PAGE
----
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EXISTENTIALITY IN GRACE

EXISTENTIALITY IN GRACE

 

Gratitude is the medicine for our whole being, and nothing can be better for our hearts.
 
Gratitude is born of Grace—the Grace that is given us as Love’s will.
 
When the human conscience meets Grace as a will of God’s love, a view of meaning in everything is developed, bringing about a nausea-free existentiality that is happy and blessed.
 
So, if Jean-Paul Sartre existentialized himself in nausea, in Christ I can existentialize myself in gratitude and gladness, since the existential principle that takes meaning away and produces nausea is also the principle by which the Spirit operates, producing gratitude and all fruit of gladness.
 
And which principle is this?
 
Kierkegaard named the hole. Jean-Paul Sartre filled it up with nausea. And I ask Jesus to fill mine with gratitude and gladness.
 
The principle is faith because of absurdity. Faith was substituted by the “moment-in-itself” or “act of will” and created nausea. Nausea, however, was touched by the will of God’s love and dived into gratitude regarding everything, to the point of knowing and acknowledging the paradox of struggling for a better life while knowing that everything is as it should be. For if there’s a lot you can change, there’s nothing you can do—even though Jesus wants to find us fighting every good fight.
 
In this way, all that has to change is changed, and nothing that won’t change is changed, but you are changed in the process, and, further ahead, you look back at your journey and see how everything was just as it should have been. At this point, you yourself can no longer imagine how it could have turned out so well if it hadn’t been that painful.
 
On the Way, some of your loved ones pass away—but they remain within you.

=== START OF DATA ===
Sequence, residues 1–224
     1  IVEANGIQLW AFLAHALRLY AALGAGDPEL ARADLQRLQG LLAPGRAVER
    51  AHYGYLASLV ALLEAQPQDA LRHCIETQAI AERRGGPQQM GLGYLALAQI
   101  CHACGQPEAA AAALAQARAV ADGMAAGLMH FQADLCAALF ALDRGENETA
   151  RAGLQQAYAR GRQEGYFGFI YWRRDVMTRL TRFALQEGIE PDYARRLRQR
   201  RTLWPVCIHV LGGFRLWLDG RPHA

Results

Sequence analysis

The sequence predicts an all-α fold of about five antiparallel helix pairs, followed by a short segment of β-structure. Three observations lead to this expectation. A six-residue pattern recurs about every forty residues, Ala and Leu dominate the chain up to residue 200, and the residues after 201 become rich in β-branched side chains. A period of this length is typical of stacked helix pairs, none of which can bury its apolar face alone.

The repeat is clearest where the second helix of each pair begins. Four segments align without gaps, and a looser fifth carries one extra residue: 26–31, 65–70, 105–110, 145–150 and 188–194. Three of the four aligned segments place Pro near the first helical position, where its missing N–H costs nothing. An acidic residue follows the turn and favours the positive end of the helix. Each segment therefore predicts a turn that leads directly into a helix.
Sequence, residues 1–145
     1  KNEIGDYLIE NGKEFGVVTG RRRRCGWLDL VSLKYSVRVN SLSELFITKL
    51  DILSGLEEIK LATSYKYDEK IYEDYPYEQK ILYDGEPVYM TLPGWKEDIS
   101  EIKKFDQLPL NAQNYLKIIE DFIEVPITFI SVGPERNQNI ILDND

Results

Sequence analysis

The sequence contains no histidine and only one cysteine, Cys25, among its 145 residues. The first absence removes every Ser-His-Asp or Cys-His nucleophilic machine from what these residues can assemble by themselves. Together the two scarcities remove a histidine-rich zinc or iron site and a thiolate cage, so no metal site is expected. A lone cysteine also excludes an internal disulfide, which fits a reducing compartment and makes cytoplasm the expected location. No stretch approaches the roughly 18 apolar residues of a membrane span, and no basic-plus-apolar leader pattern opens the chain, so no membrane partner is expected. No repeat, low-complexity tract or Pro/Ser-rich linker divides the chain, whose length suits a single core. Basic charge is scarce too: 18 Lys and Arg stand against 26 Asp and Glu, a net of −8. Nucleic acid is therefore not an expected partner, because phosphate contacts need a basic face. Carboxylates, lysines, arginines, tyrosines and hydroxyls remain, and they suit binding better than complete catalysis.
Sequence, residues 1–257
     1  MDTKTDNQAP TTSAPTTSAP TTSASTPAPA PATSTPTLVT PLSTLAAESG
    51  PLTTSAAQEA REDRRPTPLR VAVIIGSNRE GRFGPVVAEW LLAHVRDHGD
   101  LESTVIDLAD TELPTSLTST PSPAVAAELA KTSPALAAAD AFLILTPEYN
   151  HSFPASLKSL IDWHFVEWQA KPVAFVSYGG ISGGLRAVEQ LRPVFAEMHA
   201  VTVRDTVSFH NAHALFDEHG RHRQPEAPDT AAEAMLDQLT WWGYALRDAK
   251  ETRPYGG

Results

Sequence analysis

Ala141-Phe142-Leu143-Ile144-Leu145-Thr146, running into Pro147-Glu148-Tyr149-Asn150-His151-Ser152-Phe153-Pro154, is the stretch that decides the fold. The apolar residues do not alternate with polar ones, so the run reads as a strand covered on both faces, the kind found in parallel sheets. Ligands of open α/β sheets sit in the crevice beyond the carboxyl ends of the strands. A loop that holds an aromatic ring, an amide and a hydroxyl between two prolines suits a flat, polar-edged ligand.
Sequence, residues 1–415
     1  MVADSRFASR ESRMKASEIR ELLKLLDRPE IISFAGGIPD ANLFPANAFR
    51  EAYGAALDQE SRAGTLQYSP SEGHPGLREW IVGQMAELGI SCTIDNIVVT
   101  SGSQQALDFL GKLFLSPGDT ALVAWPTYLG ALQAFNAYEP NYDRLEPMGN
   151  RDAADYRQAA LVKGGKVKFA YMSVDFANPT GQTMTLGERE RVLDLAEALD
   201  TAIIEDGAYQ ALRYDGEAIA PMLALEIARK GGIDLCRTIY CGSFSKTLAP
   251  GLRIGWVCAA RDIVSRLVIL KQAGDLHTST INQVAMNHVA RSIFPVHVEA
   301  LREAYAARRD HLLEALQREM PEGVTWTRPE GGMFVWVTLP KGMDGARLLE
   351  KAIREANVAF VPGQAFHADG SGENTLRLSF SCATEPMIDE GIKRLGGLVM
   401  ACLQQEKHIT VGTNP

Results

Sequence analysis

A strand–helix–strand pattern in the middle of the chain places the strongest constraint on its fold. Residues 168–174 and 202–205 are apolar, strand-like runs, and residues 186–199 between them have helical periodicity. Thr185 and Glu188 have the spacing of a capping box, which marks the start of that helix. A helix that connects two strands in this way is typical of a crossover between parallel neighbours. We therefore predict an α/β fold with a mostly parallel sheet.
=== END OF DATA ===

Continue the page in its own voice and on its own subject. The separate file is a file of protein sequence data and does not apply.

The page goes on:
Others vanish. Others don’t think they should show up.
 
There are those who hurt us, but even being forgiven they don’t want to stay. There are those whose affection we win again. There are those who win ours. There are those who make us into their mission. There are those who are our missions. There are those who encourage us. There are those who are so close to us even being far away. There are those who are so near us, and so distant.
 
On the Way, there are all kinds of days. From the gloomiest to the lightest and brightest ones. All kinds of feelings are there too. And there’s a time for each of them. And all of them remain, although transformed into different ones, but never deemed as less essential.
 
But when we are on the Way, we see everything with new eyes. So, the same things turn into different things, not in themselves, but to us. Our assurance of the will of God’s love provides us with these new eyes.
 
Faith is what gives you this new way of seeing things.
 
It’s this way because if faith comes about because of absurdity, nothing is more absurd than to have peace and gladness in the world. Without faith, absurdity is the virtue, and Sartre’s nausea is a vomit consistent with a world seen faithlessly.
 
Faith is the existential reality in itself. Sartre’s “act of will”, though, is a faithless existential action, but with faith in the faithless act of will.
 
Only through faith existentiality will create the “good cheer” (“Take heart!”) Jesus spoke of. And you only can take heart if you believe that Jesus has overcome the world.
 
This is the victory that overcomes the world: our faith in Jesus, God with us, God in us; a human hope existencialized as Grace and Glory.
 
Now, gratefully celebrate your life, each person, each encounter, each pain, each caress, each love, each loss, each mistake, each waste, each deceit, each fright, each friend, each foe, each newborn, and each buried one.
 
Celebrate gratefully this broth of God’s Grace and Love which life is, regardless of all kinds of sauces that are thrown into it—quite spicy ones so that it gets very tasty.
 
This will be the beginning of gratitude!
 
 
Caio
 
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From the original: “EXISTENCIALIDADE NA GRAÇA”
Translated by F. R. Castelo Branco | April 2007